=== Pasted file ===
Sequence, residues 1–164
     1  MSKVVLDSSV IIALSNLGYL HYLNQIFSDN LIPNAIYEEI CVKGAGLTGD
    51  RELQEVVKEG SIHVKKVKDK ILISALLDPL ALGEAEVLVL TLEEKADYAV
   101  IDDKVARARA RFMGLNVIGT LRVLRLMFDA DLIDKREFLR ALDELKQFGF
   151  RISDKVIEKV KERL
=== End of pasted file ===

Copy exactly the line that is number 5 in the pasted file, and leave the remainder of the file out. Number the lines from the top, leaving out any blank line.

   151  RISDKVIEKV KERL